& Words: Poems Singapore and Beyond - $24
Anthologies are well-established institutions. They are especially useful in promoting interest in poetry. &Words: Poems Singapore and Beyond attempts to do so through a fresh approach. First, it provides a selection of Singapore poems in English, arranged in four broad sections: Identity, Homeland, Living, Words. Second, the selection includes poems in World Englishes which suggest their wide variety as well as how the shared experience of colonialism and the recovery from it, often generates a number of common responses. They offer opportunities to compare poems. Third, there are translations from Chinese, Malay, and Tamil, reminding readers that Singapore poetry is more than just that in English. Finally a section ‘Four Short Forms: Couplet, Haiku, Quatrain, Pantun’ to encourage teachers and students to try their hand at writing.
&Words features 170 poems by 73 Singapore poets and 35 overseas poets. It is hoped that this selection will add to the growing interest in Singapore literature, particularly its poetry.
A Philosopher's Madness - $18
This is a personal and philosophical account of schizophrenia that aims to raise awareness of mental health issues. The personal aspect of the book reveals the gritty reality of what it is like to have schizophrenia, and explores issues faced by those with mental illness, such as secrecy and recovery. The philosophical aspect of the book raises questions concerning the nature of mental illness, such as whether or not mental illness is ultimately physical or mental. Referencing contemporary debates, such as whether madness is a disease or a culturally- determined label, this book is relevant not only to persons with an interest in a true story of psychosis, but also to those with an interest in the relationship between philosophy and madness.
Cherry Days - $20
A coming-of-age story set in 1950s Singapore, written with photorealistic clarity.
Skinny and his friends grow up in a self-sufficient kampong along an unnamed road. Reading about their lives, a distinctive character of their long-gone childhood and of Singapore emerges—raw from a recently concluded war, alive with student riots and social movements.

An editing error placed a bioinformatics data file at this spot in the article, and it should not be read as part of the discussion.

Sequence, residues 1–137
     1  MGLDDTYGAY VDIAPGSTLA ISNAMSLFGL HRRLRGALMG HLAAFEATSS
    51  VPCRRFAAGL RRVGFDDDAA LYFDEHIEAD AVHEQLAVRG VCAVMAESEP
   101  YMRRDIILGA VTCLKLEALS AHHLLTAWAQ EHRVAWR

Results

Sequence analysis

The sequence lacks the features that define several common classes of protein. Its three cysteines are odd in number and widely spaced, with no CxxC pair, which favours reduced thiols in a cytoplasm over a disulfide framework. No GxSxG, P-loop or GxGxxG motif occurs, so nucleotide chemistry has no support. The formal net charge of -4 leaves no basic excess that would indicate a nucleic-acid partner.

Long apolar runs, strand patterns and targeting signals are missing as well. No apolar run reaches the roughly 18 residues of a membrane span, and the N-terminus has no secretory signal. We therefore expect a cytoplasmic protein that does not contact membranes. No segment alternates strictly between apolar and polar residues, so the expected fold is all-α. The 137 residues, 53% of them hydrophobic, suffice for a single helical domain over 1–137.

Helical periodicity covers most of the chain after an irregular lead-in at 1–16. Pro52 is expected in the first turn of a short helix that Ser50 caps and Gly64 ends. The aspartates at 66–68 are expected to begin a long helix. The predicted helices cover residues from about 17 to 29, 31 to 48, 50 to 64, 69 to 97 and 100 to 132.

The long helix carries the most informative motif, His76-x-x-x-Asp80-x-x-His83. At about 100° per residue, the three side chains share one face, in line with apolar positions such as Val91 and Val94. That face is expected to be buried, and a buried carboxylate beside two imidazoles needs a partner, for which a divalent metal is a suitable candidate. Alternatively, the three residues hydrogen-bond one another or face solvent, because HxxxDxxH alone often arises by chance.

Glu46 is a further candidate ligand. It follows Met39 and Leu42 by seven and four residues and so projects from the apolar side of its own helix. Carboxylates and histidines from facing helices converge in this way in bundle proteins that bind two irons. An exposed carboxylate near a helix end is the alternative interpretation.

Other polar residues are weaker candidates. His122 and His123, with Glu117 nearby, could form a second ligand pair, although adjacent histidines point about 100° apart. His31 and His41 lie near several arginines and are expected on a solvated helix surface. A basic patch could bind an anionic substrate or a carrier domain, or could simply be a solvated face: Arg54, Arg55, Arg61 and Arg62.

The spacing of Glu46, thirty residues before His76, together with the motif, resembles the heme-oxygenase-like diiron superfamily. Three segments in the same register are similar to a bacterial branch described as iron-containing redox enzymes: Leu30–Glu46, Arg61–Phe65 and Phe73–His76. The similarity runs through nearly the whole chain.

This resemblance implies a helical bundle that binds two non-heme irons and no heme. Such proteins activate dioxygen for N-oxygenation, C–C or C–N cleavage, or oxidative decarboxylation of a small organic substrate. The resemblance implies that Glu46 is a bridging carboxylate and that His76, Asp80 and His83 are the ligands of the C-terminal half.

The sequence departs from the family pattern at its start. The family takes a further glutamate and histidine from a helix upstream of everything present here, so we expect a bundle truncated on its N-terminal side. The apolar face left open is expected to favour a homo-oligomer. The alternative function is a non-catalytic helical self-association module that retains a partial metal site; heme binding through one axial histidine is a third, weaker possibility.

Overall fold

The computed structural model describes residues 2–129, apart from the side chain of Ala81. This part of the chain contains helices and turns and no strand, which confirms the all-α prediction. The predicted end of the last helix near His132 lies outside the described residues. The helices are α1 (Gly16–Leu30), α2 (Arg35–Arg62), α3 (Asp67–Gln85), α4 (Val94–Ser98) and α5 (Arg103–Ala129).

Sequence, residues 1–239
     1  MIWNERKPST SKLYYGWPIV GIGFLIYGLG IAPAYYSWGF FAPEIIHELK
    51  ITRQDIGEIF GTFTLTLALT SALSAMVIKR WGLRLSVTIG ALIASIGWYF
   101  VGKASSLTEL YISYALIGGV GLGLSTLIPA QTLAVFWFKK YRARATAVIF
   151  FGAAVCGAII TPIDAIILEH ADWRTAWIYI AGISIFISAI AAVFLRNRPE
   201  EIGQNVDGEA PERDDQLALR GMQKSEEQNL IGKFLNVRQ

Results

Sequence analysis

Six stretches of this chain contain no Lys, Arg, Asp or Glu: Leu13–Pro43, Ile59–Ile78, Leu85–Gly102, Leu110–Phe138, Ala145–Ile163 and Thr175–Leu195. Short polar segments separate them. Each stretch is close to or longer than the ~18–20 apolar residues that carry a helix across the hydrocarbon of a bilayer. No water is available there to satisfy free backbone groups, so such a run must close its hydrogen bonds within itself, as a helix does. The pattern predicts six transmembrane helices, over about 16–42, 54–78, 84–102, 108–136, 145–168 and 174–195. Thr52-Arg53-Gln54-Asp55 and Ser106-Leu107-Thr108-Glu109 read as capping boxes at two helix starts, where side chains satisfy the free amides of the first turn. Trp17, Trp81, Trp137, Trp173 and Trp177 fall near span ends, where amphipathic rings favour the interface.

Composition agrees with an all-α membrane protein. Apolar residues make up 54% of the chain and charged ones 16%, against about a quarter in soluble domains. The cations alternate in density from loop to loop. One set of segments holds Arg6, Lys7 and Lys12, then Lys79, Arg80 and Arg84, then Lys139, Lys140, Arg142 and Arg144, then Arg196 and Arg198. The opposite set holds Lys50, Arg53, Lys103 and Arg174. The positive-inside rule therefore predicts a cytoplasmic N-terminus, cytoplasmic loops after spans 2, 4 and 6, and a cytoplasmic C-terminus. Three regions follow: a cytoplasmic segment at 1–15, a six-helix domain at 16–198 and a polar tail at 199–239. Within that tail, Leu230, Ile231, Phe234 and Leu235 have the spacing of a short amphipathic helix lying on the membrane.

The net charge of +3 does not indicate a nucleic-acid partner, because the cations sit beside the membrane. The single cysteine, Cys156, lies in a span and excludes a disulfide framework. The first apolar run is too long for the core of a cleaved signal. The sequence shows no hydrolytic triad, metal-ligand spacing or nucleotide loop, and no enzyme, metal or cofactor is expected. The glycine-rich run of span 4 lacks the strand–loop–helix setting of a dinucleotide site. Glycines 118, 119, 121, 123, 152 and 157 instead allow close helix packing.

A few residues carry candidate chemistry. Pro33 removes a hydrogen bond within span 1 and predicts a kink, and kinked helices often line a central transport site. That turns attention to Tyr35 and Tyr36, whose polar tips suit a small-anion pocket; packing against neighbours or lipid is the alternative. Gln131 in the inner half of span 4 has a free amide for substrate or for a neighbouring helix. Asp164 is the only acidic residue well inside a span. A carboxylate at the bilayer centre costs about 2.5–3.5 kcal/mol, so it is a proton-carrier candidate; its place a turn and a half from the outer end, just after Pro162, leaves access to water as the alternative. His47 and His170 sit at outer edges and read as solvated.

Among the themes explored by the narrator is one of change, such as the transition from rural to urban living and the role of women in a developing society, as if inevitably the road must lead to it. Stories of love, death and forgiveness line the unnamed road at the heart of life in the kampong.
Eastern Heathens: An Anthology of Subverted Asian Folklore - $25
We love Asian folklore. We grew up listening to Chinese legends, Arab fairy tales, Malay ghost stories and Indian sacred epics, and their fabulous images have continued to inhabit our imaginations ever since.
Yet as grown-ups, we’ve sometimes been bugged by the moralistic, simplistic manner in which these fables are often told. What better way to negotiate this than to reinvent our heritage? This collection brings together 14 subversions, reinventions and adaptations of folktales from all across Asia, written by an international crew of authors.
Within these pages, you’ll find a Cambodian horror story, a poetic meditation on Japanese fox spirits, a crime parable based on the Indian epic of the Ramayana, a sci-fi redaction of the Chinese legend of Lady White Snake, and many more exquisite gems.
This book is a treasure trove of the imagination, containing tales both intelligent and wondrous, combining the best elements of Asian heritage with the wit of the 21st century.
Ordinary Stories in an Extraordinary World - $20
This book tells the stories of a boy with autism living in a world he views in his own, special way. His take on the routines of daily life would seem, to most people, a plunge into an extraordinary world of the unexpected and inexplicable. As seen through his sister’s eyes, the stories chronicle his growing-up years, and his adventures and misadventures – the quirky, the funny and the downright miraculous. It is also a sharing of the little-known, yet engaging, stories of individuals with special needs and other unsung heroes: their families, teachers and doctors.